Another Example of Being Well-Read…

I'm going to write a post about sitcoms and how deceptively hard they are to do, etc., in the future, but for now, I just want to share a quick snippet of an interview with Michael Schur. Schur is the co-creator of Parks and Recreation (one of the best shows on television) and he was also an instrumental figure in the earlier seasons of The Office (you know, when it was good) - emphasis mine in his response:

On the subject of Andy's growth and what April realizes about his dreams, is part of the thinking behind having Andy pursue a career in law-enforcement that it would be an excuse to bring Louis CK back again? Or

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just a logical extension of the Burt Macklin fantasy?

More the "logical extension." Andy is on a kind of Horatio Alger-type life arc, starting jobless and living in a pit and slowly making his way up through legitimate society. We want him to keep striving for better things. Without getting any smarter or less funny.

There's a reason I bring this up, and not just because a different Parks and Recreation interview inspired this blog. It's again demonstrating the importance of being well-read. For one thing, Schur is a very good writer - especially comedically. But while all of us know what we find funny, writing it and creating comedy is completely different. One of the reasons a show works is because you are emotionally invested in the characters, and here he shows that the completely ridiculous and dumb character of Andy Dwyer actually has very deep roots. His journey on the show is working because of a subtle backstory that is based on the works of a 19th-century author who was known for writing juvenile characters that rise up from humble backgrounds.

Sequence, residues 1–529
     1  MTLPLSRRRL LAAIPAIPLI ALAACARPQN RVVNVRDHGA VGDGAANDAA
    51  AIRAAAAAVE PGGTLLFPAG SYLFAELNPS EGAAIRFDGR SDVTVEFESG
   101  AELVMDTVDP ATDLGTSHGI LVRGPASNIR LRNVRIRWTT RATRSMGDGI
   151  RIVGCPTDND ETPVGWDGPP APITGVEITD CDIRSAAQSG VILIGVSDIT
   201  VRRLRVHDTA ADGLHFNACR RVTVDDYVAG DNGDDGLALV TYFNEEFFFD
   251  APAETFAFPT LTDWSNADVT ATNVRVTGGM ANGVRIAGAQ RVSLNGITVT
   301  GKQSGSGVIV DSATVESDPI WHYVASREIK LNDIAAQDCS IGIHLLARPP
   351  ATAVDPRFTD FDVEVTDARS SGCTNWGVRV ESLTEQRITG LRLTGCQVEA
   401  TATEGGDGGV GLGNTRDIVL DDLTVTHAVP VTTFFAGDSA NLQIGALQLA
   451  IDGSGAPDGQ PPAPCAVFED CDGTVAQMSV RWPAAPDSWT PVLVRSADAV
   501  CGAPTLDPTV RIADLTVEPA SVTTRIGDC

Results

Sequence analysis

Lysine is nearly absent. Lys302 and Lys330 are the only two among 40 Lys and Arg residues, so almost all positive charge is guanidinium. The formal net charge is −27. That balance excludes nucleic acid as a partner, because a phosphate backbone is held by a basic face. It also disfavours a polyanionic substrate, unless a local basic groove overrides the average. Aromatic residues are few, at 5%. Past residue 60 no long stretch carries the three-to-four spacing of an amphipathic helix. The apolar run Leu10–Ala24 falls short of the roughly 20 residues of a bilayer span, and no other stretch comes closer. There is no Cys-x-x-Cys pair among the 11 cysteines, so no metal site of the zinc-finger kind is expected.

That's literature, baby. A literary mind is powering the show, and that's why it does so well.

If you want to create, you have to be educated. You need to know what makes a creation "good". It's like art - the classic line is "I don't know much about art, but I know what I like". That means I know that I want this picture on my wall, but I have no idea how to create a picture that looks good on somebody else's wall.

Just because you know what you like about art doesn't mean you can be an artist. You have to work at it. Study it. Try it. Fail. Try again. And so on.

I'm not getting into Mike Schur's career history at this point, but it's worth pondering that, while he writes an often-broad and silly comedy on network television, he knows his literature very well, and that influences his decision-making when creating new stuff. Remember that in your own work.